One public page of the member-driven website, Geo-Help Inc., which bills itself as “The Virtual Geology Department providing Geological Expertise and Services to the Oil and Gas Industry in Canada,” offers a collection of quotes that reaffirms man’s (though, interestingly, not even one woman’s) abiding love affair with liquid, black gold down through the decades.
Odes have been written to exalt the substance, including this one, sponsored by Seneca Oil and published in 1850:
“The healthful balm, from Nature’s secret spring/ The bloom of health, and life, to man will bring/ As from her depths the magic liquid flows/ To calm our sufferings, and assuage our woes.”
Others, like Kansas geologist Wallace Pratt (1885-1981), also recognized the allure when he said, “Where oil is first found is in the minds of men.” Men, presumably, like American industrialist J. Paul Getty (1892-1976) who once declared that his formula for success was to “rise early, work hard, strike oil.”
The quotes are not uniformly laudatory. One describes oil as “the excrement of the devil.” Another complains, “You can’t get the grease without a lease.”
And some are way off the mark, as is one attributed to the Director of Anglo Persian Oil Company who, in 1926, observed, “Saudi Arabia appears devoid of all prospects for oil.”
Historically, though, our preoccupation with the stuff has been, until quite recently, laced with positive connotations. And this strikes me as somewhat paradoxical, because unless you happen to be an industry executive or petroleum geologist, the chances are very good that you, like me, find oil to be. . .well, pedestrian.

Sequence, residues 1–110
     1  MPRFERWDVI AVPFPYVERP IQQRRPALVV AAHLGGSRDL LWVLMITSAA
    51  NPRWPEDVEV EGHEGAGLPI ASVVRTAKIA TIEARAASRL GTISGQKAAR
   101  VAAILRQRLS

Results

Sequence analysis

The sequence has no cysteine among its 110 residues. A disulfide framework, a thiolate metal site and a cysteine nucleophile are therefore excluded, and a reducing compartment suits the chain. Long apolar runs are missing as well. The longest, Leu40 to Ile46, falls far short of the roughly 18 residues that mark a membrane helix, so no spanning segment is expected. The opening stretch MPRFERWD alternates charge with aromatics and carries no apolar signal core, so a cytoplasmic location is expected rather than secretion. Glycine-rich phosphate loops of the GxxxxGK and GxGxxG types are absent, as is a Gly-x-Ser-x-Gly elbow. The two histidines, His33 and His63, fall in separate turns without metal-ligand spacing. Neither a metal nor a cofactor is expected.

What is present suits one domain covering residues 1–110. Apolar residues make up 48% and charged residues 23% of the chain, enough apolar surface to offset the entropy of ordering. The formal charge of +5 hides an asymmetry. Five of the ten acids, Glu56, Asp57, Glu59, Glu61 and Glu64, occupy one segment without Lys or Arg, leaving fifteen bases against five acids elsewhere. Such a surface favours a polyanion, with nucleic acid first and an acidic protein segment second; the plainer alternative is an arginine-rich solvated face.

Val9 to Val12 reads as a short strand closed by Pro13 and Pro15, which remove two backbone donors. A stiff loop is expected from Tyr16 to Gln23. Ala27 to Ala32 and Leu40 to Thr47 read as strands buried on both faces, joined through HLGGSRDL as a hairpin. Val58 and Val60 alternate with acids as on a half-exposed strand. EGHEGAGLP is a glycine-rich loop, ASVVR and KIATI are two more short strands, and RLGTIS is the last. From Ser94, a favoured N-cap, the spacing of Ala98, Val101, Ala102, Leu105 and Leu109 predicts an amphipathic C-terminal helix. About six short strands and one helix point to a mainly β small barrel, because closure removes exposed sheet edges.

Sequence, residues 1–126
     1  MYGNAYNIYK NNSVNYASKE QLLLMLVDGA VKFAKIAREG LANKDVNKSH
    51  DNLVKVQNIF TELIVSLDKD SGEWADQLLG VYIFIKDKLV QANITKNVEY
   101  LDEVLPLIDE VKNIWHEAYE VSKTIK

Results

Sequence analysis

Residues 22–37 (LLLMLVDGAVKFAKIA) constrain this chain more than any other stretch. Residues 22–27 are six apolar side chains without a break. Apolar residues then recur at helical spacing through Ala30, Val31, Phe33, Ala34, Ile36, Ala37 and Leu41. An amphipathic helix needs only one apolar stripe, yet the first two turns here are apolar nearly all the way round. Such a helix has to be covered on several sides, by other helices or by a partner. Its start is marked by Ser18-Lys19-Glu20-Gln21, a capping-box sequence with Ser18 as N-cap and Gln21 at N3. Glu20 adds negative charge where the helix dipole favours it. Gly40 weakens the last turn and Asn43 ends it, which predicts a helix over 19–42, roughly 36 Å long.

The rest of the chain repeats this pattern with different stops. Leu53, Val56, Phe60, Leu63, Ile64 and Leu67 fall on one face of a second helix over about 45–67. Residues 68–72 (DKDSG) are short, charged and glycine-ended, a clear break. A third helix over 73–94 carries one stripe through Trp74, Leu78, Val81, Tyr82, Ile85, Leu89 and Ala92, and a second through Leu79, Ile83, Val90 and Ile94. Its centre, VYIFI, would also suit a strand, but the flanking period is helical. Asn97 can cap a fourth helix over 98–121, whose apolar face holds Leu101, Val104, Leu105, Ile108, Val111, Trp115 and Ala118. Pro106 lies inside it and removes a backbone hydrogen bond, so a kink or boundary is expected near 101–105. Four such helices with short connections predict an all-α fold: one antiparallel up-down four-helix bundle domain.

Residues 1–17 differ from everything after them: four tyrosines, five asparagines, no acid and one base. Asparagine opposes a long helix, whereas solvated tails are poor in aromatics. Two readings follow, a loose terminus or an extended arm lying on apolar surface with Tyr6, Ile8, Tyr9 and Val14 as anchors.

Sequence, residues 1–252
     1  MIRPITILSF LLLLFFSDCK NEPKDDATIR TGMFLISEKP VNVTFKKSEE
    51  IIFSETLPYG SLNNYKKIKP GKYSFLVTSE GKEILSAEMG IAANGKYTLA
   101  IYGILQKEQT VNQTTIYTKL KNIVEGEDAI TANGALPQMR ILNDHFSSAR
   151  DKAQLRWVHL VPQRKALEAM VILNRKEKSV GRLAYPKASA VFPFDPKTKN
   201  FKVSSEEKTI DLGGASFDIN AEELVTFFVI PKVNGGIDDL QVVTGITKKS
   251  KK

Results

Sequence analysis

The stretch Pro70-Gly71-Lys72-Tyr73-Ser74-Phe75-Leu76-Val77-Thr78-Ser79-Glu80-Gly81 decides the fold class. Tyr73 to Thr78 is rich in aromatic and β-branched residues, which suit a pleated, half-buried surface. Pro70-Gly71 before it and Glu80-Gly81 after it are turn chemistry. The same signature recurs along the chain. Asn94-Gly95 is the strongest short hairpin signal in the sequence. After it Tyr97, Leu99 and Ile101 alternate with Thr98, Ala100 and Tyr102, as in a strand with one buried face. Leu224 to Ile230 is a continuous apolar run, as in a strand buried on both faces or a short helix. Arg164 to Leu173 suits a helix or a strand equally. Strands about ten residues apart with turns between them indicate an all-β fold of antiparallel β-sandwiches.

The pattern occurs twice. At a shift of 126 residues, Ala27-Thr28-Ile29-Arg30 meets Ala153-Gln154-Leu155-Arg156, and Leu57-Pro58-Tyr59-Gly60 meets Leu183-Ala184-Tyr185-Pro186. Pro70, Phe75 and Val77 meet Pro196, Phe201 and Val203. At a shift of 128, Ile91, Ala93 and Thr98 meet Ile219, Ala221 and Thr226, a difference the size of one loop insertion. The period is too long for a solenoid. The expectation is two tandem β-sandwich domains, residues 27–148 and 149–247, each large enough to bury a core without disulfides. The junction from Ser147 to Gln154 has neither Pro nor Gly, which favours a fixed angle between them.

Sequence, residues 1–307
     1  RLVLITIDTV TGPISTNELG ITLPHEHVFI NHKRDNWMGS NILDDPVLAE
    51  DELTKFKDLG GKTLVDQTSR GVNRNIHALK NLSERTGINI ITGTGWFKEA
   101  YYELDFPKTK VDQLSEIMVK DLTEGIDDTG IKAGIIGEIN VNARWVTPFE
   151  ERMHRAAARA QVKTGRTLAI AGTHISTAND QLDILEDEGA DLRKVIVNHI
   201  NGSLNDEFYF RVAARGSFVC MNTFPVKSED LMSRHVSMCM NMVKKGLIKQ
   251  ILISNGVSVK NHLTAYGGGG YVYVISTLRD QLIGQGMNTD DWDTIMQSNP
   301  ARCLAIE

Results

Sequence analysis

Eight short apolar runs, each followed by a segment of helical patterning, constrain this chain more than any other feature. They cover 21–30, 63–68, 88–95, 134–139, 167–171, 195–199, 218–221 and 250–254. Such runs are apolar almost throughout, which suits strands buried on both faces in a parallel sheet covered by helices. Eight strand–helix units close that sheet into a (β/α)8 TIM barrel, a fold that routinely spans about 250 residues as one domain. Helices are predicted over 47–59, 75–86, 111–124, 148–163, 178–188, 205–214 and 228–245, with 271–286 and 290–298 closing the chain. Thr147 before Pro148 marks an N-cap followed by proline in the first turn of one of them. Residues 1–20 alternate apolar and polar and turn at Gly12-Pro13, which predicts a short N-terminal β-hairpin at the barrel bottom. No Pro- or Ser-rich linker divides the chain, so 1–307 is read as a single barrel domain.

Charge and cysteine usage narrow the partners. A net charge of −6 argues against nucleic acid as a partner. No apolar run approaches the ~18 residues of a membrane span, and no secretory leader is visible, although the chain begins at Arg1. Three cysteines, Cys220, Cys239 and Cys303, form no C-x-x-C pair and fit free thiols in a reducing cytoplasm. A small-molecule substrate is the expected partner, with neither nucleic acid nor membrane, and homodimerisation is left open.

Or, if you will pardon the pun, boring.
Whenever a fixation becomes mundane, it has a tendency to subdue the other faculties of mind – imagination, ingenuity, creativity – that can, quite often, improve social, political and economic conditions.
This might help explain New Brunswick’s current circumstances. The rut the province is in – fiscally, commercially, even demographically – could well be related to, if not actually derive from, our single-minded focus on the promise of a pipeline from Alberta’s oil patch and the putative promise (and danger) of a fully functioning shale gas industry in the future.
I would never suggest that we should dismiss these projects for the sake of our becoming less tedious people. But it might profit us to pull our heads from the sand and take a look at what other jurisdictions around the world are doing with energy development. (A well-known writer – though, his name escapes me – on the industry from, of all places, Calgary made a similar observation on New Brunswick CBC Radio’s rolling-home show last week).
Science Daily reports, “It’s less costly to get electricity from wind turbines and solar panels than coal-fired power plants when climate change costs and other health impacts are factored in, according to a new study published in Springer’s Journal of Environmental Studies and Sciences.
“In fact – using the official U.S. government estimates of health and environmental costs from burning fossil fuels – the study shows it’s cheaper to replace a typical existing coal-fired power plant with a wind turbine than to keep the old plant running. And new electricity generation from wind could be more economically efficient than natural gas.”
Meanwhile, also according to Science Daily, “High school and college students got a recruiting call. . .to join the Solar Army and help solve one of the 21st century’s greatest scientific challenges: finding the dirt-cheap ingredients that would make sunlight a practical alternative to oil, coal and other traditional sources of energy.
‘Enough sunlight falls on Earth in one hour to provide all of the world’s energy – for 7 billion people – for an entire year,’ said Harry B. Gray, Ph.D., leader of the army. He is the Arnold O. Beckman Professor of Chemistry and Founding Director of the Beckman Institute at the California Institute of Technology. ‘If we can capture that energy and use it to split water, burning coal, gasoline and other fossil fuels will be history.’
Maybe. Maybe not. But even the thought is inspirational – which is more than I can say about oil.